Student Because you can not make that last opinion clear let us defer its clarification until another time, if by chance you can get the above things from that Order. [See Significant Variants, para. 6.] And tell me whether anyone holds that someone inferior to the highest pontiff can forbid some assertions and order them not to be held, even if he can not condemn them.

Master There are some who think that although no gathering less than a general council nor anyone inferior to the highest pontiff can licitly excommunicate or condemn as heretical any assertion that has not been explicitly condemned, yet other gatherings and prelates inferior to the pope are permitted for a reasonable cause to forbid erroneous assertions and to order that they not be defended publicly. And therefore they say that if the University of Paris and the oft-mentioned archbishops of Canterbury had forbidden Thomas's opinions for a reasonable cause, only ordering that no one was to defend or teach them publicly at Paris, and had not proceeded to a sentence of excommunication and condemnation of those opinions, they would have done nothing rash.

Student What can be a reasonable cause for ordering that some opinions not be held publicly?

Master They say that any opinions, even sometimes true ones, can be reasonably forbidden for the purpose of avoiding scandal, schism and other evils and dangers.

Student Was there ever any scandal about Thomas's opinions?

Master I have often heard it said by many Englishmen that when conclusions which follow from Thomas's opinion about the unity of form were explained there was endless scandal among the English people.

Student What were those conclusions following from that opinion about the unity of form which expressly scandalised the people?

Master According to them, they are those written below. That Christ's body was not the same in number alive and dead; that the body that lay in Christ's tomb over the three days was never Christ's body when he was alive; that the bodies and relics that are venerated by believers as the bodies and relics of saints were never the bodies and parts of the saints when they were alive; that dead bodies were never the bodies of people alive; that dead flesh was never living.

Student You have sufficiently exemplified the conclusions which follow from that opinion about the unity of substantial form, and so returning to our plan set out the arguments for the above assertion, if there are any.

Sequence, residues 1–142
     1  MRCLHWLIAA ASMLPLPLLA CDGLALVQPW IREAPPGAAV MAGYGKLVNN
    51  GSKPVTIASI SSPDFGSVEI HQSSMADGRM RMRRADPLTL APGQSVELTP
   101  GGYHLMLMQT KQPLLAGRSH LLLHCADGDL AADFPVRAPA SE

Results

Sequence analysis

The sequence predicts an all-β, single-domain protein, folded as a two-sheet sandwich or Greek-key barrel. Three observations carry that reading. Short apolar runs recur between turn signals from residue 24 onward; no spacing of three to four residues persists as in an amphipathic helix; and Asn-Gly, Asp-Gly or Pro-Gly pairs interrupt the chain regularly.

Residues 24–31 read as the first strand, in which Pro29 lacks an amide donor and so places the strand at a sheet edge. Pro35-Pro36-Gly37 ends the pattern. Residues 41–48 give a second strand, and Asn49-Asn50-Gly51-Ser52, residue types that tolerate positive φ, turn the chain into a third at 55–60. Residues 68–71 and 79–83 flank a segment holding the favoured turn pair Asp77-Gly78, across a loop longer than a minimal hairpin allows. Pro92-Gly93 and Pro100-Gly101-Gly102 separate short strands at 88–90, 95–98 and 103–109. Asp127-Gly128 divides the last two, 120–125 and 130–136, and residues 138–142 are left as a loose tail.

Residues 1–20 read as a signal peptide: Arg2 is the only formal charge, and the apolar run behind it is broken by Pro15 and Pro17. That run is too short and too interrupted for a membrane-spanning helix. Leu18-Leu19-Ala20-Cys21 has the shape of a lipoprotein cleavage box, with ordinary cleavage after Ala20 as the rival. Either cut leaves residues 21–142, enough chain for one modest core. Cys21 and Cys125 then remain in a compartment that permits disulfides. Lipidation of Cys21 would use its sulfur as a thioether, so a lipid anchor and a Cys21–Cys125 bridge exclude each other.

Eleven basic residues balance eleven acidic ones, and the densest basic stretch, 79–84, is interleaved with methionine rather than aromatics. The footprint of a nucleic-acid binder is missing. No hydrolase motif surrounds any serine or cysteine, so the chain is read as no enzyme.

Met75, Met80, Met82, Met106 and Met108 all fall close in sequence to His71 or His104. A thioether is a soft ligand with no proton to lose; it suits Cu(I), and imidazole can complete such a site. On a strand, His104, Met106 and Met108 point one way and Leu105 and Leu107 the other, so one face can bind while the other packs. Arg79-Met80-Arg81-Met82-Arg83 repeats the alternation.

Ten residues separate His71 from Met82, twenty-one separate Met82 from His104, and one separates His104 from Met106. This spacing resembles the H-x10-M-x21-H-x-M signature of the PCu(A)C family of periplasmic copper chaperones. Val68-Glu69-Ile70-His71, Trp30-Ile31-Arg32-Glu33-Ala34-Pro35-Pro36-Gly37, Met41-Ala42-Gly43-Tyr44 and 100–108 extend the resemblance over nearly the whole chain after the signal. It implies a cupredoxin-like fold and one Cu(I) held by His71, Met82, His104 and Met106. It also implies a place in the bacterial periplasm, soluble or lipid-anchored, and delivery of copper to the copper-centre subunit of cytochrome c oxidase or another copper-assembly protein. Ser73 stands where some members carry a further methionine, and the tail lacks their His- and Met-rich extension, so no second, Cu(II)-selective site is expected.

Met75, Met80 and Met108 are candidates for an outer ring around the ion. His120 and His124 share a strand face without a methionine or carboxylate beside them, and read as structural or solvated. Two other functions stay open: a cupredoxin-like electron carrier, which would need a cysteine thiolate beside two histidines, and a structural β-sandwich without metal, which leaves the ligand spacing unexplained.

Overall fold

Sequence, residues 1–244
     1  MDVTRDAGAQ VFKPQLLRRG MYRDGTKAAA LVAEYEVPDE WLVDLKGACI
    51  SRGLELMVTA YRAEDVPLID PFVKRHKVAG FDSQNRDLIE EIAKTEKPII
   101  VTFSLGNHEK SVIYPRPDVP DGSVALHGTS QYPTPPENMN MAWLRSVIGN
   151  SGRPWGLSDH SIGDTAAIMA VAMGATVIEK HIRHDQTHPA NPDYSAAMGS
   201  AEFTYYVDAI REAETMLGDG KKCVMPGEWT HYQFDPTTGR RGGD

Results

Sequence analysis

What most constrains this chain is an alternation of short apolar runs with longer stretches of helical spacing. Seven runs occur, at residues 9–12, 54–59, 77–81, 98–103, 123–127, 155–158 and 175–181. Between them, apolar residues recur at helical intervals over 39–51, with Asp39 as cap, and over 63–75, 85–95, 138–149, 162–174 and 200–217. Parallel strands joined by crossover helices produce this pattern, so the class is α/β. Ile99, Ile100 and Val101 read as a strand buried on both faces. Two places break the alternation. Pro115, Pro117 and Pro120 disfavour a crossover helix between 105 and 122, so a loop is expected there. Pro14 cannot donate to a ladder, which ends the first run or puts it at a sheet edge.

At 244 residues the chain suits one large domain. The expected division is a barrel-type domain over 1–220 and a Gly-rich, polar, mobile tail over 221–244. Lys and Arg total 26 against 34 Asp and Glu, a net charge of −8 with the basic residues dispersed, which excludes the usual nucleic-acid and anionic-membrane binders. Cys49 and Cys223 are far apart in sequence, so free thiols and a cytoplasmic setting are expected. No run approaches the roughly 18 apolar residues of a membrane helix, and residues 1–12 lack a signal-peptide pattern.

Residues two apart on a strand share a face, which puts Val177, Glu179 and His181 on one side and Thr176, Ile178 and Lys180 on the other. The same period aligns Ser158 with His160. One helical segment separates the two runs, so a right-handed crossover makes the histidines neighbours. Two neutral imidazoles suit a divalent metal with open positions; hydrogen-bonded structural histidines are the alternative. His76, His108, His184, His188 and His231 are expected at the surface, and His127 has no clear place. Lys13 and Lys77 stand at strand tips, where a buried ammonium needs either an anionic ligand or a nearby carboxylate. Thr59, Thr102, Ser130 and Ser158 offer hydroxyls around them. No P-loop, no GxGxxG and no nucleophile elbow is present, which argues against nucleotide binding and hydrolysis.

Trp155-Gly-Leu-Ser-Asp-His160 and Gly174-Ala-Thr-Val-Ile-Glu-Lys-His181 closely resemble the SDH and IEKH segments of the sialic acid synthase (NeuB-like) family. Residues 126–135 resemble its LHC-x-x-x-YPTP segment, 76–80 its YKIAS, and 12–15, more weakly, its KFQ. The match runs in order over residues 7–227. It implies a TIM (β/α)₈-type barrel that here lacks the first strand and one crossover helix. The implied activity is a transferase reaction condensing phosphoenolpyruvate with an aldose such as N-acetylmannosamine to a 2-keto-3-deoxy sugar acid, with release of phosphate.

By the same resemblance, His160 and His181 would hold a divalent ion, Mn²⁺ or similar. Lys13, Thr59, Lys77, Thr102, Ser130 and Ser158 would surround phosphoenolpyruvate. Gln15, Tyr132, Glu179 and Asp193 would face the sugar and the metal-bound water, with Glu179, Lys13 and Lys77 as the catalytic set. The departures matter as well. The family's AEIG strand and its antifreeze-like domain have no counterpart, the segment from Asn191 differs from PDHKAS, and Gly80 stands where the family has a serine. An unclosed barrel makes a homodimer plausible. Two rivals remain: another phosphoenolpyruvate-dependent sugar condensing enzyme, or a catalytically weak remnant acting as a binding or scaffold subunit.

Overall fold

Master They prove their assertion by the following argument. Everything that can licitly be omitted by subjects can for a reasonable cause be forbidden by prelates and by those having jurisdiction over the subjects; for he who is in command can and should make provision for everyone's benefit in all matters and prevent dangers, and it behoves their subjects to obey them in permitted and honest matters of this kind, as we gather from the sacred canons, 11, q. 3, c. Si autem [col.646], c. Si quis [col.646] and c. Absit [col.647]; but there are some opinions which it is permissible, indeed sometimes it is necessary and expedient, not to defend or teach, and therefore this can also be forbidden for a reasonable cause by prelates and colleges having jurisdiction.

Student According to this argument prelates would sometimes be permitted to forbid truths, for it is sometimes expedient to be silent about the truth.

Master According to them no one is permitted to forbid the truth to everyone and for all time, yet it is permissible to order some people for some time not to presume to teach some truths, just as the Apostle said [1 Tim. 2:12], "I suffer not a woman to teach", and in the gospel [Matt. 7:6] the Lord said, "Give not that which is holy to dogs, neither cast ye your pearls before swine." We gather from these words that it is not expedient for everyone all the time to preach, teach or defend the truth.

Student It seems from this that no one is permitted to forbid to everyone for all time opinions or assertions which he can not condemn, although he can licitly forbid them to some people for some time.

Master They grant this conclusion, and therefore it is significant that they say that inferiors are permitted to forbid some assertions "for a reasonable cause", implying by this that when the cause ceases the forbidding ceases.

William of Ockham, Dialogus,
part 1, book 2, chapters 17-34

Text and translation by John Scott.
Copyright © 1999, The British Academy